Padres about front of jersey, not back
San Diego's big names are all gone, but that doesn't mean club can't keep on winning
PEORIA, Ariz. -- The San Diego Padres have never won a World Series or pitched a no-hitter, but they sure have a knack for churning out icons. Dave Winfield defined power and athleticism at San Diego Stadium before the "Bronx Zoo" phase of his career. Tony Gwynn won eight batting titles while laying claim to the title of "Mr. Padre," and Trevor Hoffman enhanced his legacy every time he hitched up his belt and left the bullpen to the accompaniment of "Hells Bells."
In recent years, Jake Peavy and Adrian Gonzalez attracted followings for different reasons. Padres fans embraced Peavy as the undersized righty with a big heart, and they came to love Gonzalez as the local kid who put up huge numbers in a man-sized ballpark, for the proverbial hometown discount.
Now they're all gone. Winfield is a senior advisor for the Padres and Gwynn is coaching baseball at San Diego State. They're both in Cooperstown, on plaques with Padres caps. Hoffman, who recently went to work in the Padres' front office, will have a plaque of his own in a few years. Peavy is pitching for the Chicago White Sox, and Gonzalez has moved on to a new, more affluent chapter of his career in Boston.
If Padres fans find this little game of icons-on-parade disheartening, they'll get some sympathy from closer Heath Bell. He was born in Oceanside, just north of the city, and he knows what it means to develop an attachment to a favorite player only to watch him leave town. When the Swinging Friar stands as the organizational symbol of continuity, it shows that the old "rooting for laundry" principle is alive and well in San Diego.
"When I was growing up, Steve Finley and Tony Gwynn were like your distant cousin," Bell said. "They were part of your family. They were out in the community doing this and that. They were 'our guys.' Nowadays guys are switching teams all the time, and they're not part of the family. It's like, 'Who's this distant cousin I've never seen before?"'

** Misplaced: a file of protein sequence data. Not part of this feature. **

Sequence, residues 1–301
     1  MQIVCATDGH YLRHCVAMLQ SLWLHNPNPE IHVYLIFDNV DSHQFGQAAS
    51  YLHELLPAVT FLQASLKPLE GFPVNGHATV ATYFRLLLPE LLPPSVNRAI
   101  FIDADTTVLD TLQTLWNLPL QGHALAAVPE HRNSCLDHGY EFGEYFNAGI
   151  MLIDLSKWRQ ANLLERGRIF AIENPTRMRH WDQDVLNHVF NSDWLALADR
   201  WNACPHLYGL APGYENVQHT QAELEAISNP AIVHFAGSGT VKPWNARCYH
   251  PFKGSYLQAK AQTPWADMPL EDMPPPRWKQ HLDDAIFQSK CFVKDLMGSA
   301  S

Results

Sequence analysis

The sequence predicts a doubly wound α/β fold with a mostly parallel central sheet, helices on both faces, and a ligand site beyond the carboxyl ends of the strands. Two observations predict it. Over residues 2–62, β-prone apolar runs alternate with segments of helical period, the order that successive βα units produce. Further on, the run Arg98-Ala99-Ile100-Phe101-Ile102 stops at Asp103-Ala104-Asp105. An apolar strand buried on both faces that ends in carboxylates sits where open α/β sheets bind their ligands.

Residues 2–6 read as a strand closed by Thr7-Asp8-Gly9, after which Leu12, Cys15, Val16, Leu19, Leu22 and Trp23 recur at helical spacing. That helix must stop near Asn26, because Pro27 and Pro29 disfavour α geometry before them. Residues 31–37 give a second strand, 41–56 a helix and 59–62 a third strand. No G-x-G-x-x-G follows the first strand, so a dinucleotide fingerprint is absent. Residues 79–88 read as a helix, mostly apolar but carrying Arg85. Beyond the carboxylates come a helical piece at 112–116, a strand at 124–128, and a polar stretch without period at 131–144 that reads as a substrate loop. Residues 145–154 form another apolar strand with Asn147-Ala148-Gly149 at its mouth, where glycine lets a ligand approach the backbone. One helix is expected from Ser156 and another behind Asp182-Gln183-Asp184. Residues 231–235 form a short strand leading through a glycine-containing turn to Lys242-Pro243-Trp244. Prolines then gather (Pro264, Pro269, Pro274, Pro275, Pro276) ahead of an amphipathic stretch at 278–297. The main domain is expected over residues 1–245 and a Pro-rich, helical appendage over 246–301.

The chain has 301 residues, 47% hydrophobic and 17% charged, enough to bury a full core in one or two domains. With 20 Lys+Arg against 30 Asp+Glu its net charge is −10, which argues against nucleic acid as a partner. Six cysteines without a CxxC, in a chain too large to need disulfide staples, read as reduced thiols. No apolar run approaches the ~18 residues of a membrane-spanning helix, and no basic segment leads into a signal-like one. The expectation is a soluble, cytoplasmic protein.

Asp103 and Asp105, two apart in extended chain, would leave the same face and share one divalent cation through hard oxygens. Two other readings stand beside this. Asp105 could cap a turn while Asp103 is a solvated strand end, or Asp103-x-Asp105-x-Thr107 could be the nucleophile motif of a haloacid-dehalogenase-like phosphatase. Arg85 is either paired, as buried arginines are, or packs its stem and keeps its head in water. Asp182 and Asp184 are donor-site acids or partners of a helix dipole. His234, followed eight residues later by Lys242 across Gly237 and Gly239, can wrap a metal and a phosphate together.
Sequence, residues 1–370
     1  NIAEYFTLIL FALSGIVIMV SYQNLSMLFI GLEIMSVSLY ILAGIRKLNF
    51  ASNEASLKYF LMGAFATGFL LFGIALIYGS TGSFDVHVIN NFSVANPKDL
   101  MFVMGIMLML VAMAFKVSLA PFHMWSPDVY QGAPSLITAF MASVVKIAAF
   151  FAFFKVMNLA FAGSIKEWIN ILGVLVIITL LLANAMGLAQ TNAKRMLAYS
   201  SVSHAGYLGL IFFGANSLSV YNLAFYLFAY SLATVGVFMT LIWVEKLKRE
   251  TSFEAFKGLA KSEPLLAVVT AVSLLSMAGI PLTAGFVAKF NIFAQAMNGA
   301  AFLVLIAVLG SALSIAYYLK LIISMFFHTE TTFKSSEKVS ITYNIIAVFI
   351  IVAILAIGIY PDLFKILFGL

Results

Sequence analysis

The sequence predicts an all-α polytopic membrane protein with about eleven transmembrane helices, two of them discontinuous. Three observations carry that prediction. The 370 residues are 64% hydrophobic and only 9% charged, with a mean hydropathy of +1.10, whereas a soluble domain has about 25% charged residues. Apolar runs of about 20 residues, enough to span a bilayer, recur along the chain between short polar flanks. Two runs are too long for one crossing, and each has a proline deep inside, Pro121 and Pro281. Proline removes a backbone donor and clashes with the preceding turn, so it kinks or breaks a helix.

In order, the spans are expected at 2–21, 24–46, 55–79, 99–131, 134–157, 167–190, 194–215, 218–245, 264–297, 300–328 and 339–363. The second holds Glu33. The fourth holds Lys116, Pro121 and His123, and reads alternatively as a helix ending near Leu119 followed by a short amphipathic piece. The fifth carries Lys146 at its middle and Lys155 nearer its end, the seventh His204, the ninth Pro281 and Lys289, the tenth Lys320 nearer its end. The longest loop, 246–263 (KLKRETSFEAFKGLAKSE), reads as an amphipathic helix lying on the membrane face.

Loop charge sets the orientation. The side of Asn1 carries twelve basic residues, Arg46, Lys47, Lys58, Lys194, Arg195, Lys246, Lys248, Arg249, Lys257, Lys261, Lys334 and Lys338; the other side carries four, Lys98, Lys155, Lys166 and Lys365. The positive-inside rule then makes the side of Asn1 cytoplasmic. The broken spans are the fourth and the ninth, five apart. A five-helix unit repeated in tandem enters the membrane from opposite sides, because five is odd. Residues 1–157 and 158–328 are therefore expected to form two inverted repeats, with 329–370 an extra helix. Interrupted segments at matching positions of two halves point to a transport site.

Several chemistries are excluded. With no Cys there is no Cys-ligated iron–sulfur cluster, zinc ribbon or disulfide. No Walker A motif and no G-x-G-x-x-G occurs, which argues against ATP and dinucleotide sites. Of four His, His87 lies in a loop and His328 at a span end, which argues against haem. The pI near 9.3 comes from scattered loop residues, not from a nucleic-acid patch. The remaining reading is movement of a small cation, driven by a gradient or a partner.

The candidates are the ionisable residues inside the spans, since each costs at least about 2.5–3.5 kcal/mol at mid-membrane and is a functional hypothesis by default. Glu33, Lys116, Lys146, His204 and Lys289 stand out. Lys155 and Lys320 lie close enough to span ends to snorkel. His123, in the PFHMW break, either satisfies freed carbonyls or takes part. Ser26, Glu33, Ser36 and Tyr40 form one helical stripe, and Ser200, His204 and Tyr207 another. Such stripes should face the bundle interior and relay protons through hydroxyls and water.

Does the turnover make for an identity crisis or a new marketing opportunity? That depends on your point of view.
After winning 90 games for only the fourth time in franchise history -- and falling short of the 2010 playoffs -- the Padres have entered a new phase. Post-Adrian Gonzalez, they're moving on with a mix of kids, some veteran position players who might just be passing through, and lots and lots of pitching.
They're about as nondescript as a 90-win team can get. Ryan Ludwick is the top returning power hitter from 2010, with 17 homers and 69 RBIs for the Cardinals and Padres. Orlando Hudson, the irrepressible "O-Dog," is with his fourth team in four seasons. Brad Hawpe was released by Colorado in August. And third baseman Chase Headley, outfielder Will Venable and catcher Nick Hundley are still making their way up in the world.
Given the composition of the roster, it's understandable that the Padres are preaching the mantra of togetherness over individuals. The cover of the team's 2011 media guide pictures a bat and ball, two Padres jerseys and a team cap. There's not a human being in sight.
If a team's bobblehead quotient provides insight into its marketing strategy, it's clear where the Padres are headed. Last year the team gave away bobble figurines for five players -- Headley, second baseman David Eckstein, starter Clayton Richard, shortstop Everth Cabrera and outfielder Kyle Blanks. This year the only uniformed Padre so honored will be Bud Black, the incumbent National League Manager of the Year.
"We talk a lot throughout the organization about 'the name on the front of the jersey,' not just the back," Padres CEO Jeff Moorad said in an e-mail. "It takes a team to win, not one star player, so there won't be a manufactured 'face of the franchise.' Players will emerge as fan favorites and leaders because of how they play and perform and how they act, not because they've been anointed by a team's marketing department.